Building Trust in the C-Suite: A CMO's Guide to Gaining Confidence from CEOs and Peers
Top Four Strategies From Change Management Expert Susan Wayne
CMOs seem to have a persistent problem: they often struggle to earn and keep the trust of their CEO, CFO, and CRO. When I wrote a few weeks ago that I was happy to be back at work because relationships were hard at home, I didn’t acknowledge that relationships at work are often hard too.
According to a Boathouse market survey from the spring of 2021, CMOs on average, don’t rank at the top of a CEO’s trust list:
Among the reasons?
When CMOs leave their jobs, they often talk about how they didn’t trust their CEO or peers. When CMOs are fired, it’s often related to the CEO not trusting their strategy, plans, insights, or ability to achieve results. It’s also hard for CMOs to build and maintain trust with their own leadership team and employees.
That’s why I was particularly excited to watch Xapa’s recent webinar on Building and Keeping Trust with Susan Wayne, founder / CEO of Changecast. She broke down the drivers of trust into four main pillars:
You should watch the webinar for all the texture (it was great), but a few highlights that stood out to me:
Affinity - In building affinity, one important aspect is mirroring or imitating the gesture, speech pattern, or attitude of another. This is a conscious or unconscious action of ‘being like’ each other and is advised in establishing relationships of all types (I read about it all the time in my parenting books). Affinity also includes having and creating things in common. (In the past, I used to watch Sports Center, though I had little interest in sports so that I could talk about the big games with my (male) peers or bosses. I also regularly ordered whatever drink my colleague/boss was getting at the bar - sometimes getting looks of surprise that I drank whisky, or an old-fashioned, but creating a discussion and connection). While mirroring and common interests can connect you, so can success in going through tough situations together and being there for each other in tough times (it can take time!). While building affinity with someone is a clear element of trust, there’s a double-edged sword around the challenge of diversity, inclusion, and belonging. As a leader, only liking “people like me” can undermine building a diverse team. As a person who may be different (the only woman on a leadership team?), conforming to others’ patterns can make you feel like you’re suppressing your true self. Watch the discussion at 40:15 in the video for more discussion.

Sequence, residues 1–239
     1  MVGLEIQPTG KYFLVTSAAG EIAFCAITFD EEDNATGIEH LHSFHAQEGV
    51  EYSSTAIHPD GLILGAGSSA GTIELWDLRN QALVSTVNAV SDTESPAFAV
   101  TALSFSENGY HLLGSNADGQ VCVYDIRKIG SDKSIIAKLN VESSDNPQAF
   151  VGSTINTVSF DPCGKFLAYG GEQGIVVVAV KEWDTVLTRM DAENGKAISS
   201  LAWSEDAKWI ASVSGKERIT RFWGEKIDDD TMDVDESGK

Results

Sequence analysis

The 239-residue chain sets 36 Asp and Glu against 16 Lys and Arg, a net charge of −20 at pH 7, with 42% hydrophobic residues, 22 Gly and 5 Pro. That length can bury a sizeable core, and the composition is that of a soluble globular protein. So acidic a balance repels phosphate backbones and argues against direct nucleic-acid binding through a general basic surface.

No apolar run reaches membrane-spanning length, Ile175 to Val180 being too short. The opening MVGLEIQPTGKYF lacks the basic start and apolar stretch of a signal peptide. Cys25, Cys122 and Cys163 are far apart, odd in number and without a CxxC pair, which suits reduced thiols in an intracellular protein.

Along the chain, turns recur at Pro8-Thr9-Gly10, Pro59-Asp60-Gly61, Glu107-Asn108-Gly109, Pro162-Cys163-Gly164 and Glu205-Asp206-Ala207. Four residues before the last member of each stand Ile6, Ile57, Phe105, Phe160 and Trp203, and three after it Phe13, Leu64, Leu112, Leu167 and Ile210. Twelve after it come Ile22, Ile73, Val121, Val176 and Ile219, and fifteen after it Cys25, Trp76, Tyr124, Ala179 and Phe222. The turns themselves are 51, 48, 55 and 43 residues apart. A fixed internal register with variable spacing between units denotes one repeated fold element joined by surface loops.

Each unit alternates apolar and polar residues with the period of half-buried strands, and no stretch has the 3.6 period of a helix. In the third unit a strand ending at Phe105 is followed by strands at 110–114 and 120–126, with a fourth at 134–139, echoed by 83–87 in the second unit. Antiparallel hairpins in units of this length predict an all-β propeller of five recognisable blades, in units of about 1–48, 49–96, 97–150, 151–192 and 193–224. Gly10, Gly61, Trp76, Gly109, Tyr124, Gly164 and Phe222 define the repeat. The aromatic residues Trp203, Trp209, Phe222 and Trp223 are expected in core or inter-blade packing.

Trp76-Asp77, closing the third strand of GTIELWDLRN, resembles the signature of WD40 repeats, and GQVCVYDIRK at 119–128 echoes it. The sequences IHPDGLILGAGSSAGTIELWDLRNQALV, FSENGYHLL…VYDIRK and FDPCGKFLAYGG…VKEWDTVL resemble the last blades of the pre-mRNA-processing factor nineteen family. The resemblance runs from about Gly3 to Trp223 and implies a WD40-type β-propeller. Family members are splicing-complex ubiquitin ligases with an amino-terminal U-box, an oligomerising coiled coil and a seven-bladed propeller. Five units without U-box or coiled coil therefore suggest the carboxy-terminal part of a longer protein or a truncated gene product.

Trust is earned and built over time. Despite our dreams, trust often isn’t given first but something that has to be cultivated to be earned.
Trust is situational and dynamic - someone can trust you in one area but not another.
The biggest action that undermines trust around integrity in a work setting is private conversations - side conversations where you share any information that is perceived as negative about anyone else. In part this is exactly what we felt in high school — if they are saying this about others in this private convo, what are they saying about you in others?
What can we do? Susan outlined several practical next steps:
Show genuine interest: Take the time to get to know others and understand their perspectives.
Empathy is key: Put yourself in others' shoes and be understanding of their needs and feelings.
Celebrate shared values: Find common ground and build connections based on mutual respect and appreciation.
Deliver consistent results: Showcase your ability to produce quality work time and again. (Duh! Every CMO wishes we could do this more, but it’s still right)
Own your mistakes: Take responsibility for errors and demonstrate a willingness to learn and improve. (The CEO of Atlassian had deep trust with one of his Engineering leaders because even when he messed up, he was very open to hearing feedback and was quick to repair. The CEO heralded this relationship as one of his favorites. Other folks were sometimes defensive instead of receptive, undermining their trust relationship.)
Sharpen your skills: Actively invest in learning and development to hone your expertise.
Be a walking calendar: Follow through on commitments and meet deadlines consistently.
Communicate clearly: Keep others informed of progress and proactively address any potential issues.
Live up to your promises: Don't over-commit or make guarantees you can't keep.
Honesty is key: Always be truthful and forthright, even when it's challenging.
Act with fairness: Treat everyone with respect and avoid manipulation or deception.
Keep your word: Honor agreements and commitments, even when circumstances change.
This list looks clear and straightforward, but we all know it is more complicated to achieve in practice, in the flurry of all the things. I really appreciated Susan’s guidance on specific concepts and actions to build stronger, more resilient relationships. It’s unclear if there really is a more important success factor than trust - it appears to be the underpinning of our leadership… and our career.
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